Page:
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the normal CSF pressure is 5 to 10 mm Hg Normal ICP readings range from 5 to 15 mm Hg pressure. Pressures greater than 20 mm Hg are considered to represent increased ICP, which seriously impairs cerebral perfusion. A cooing begins at birth to 2 mos., monosyllabic begins 3 to 6 mos, linking syllables begins 6 to 9 mos, and "mama and dada" 9 to 12 mos. _____________________________________________________________________________ _____________ The Parkland (Baxter) formula for estimating fluid requirements is 4 mL × 90 × 83 = 29,880 mL, divided by 2 = 14,940 mL. Clinical manifestations associated with ARF occur as a result of metabolic acidosis. The nurse would expect to note Kussmaul’s respirations as a result of the metabolic acidosis because the bodily response is to exhale excess carbon dioxide. Variant angina, or Prinzmetal’s angina, is prolonged and severe and occurs at the same time each day, most often at rest. Stable angina is induced by exercise and relieved by rest or nitroglycerin tablets. Unstable angina occurs at lower and lower levels of activity or at rest, is less predictable, and is often a precursor of myocardial infarction. Pulmonary edema is a life-threatening event that can result from severe heart failure. In pulmonary edema, the left ventricle fails to eject sufficient blood, and pressure increases in the lungs because of the accumulated blood. Oxygen is always prescribed, and the client is placed in a high Fowler’s position to ease the work of breathing. Furosemide, a rapid-acting diuretic, will eliminate accumulated fluid. A Foley catheter is inserted to measure output accurately. Intravenously administered morphine sulfate reduces venous return (preload), decreases anxiety, and also reduces the work of breathing. Transporting the client to the coronary care unit is not a priority intervention. In fact, this may not be necessary at all if the client’s response to treatment is successful. Characteristic behaviors of the newborn infant with fetal alcohol syndrome (FAS) are not unlike behaviors similar to those of the drug-exposed newborn infant. These behaviors include irritability, tremors, poor feeding, and hypersensitivity to stimuli. Newborn infants with FAS are smaller at birth and present with failure to thrive. Mastitis - In most cases, the mother can continue to breast-feed with both breasts. If the affected breast is too sore, the mother can pump the breast gently. Regular emptying of the breast is important to prevent abscess formation. Antibiotic therapy assists in resolving the mastitis within 24 to 48 hours. Additional supportive measures include ice packs, breast supports, and analgesics Colchicine is classified as an antigout agent that interferes with the ability of the white blood cells to initiate and maintain an inflammatory response to monosodium urate crystals. The client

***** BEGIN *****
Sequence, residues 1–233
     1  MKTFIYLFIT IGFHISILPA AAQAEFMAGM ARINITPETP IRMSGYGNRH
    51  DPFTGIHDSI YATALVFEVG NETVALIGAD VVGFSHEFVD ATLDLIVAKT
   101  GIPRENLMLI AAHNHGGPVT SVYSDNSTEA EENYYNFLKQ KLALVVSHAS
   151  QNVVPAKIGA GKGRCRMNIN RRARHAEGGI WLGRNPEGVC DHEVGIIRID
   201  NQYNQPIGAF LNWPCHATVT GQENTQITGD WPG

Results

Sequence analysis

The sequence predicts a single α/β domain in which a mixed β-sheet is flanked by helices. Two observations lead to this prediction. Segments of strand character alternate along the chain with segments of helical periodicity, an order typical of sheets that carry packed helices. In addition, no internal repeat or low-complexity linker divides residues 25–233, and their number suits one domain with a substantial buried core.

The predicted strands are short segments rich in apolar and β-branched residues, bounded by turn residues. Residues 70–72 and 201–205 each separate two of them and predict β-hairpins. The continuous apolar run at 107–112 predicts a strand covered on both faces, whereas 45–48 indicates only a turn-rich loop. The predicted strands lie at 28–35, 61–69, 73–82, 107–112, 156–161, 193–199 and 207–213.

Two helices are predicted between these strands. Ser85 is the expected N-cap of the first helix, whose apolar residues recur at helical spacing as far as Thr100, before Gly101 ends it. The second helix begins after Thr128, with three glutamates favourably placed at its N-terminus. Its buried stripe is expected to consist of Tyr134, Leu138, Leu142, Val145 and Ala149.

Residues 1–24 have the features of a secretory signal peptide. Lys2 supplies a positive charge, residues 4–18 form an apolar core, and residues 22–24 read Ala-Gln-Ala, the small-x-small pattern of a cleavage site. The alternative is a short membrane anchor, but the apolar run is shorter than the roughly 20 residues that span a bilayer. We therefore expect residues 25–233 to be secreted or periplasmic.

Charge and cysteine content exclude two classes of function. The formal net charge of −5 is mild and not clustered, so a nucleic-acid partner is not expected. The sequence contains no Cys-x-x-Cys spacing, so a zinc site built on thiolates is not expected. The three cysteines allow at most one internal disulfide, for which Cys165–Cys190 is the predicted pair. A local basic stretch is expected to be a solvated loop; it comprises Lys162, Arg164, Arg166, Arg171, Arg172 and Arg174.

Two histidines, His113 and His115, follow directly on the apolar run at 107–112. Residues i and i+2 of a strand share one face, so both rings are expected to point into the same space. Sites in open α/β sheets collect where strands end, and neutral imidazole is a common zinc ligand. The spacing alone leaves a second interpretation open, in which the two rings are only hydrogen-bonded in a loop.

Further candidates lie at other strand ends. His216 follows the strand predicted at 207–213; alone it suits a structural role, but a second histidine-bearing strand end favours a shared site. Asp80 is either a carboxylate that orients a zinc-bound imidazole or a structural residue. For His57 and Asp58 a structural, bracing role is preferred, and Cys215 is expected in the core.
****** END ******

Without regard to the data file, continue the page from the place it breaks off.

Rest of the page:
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should report a decrease in pain and inflammation in the affected joints, as well as a decrease in number of gout attacks.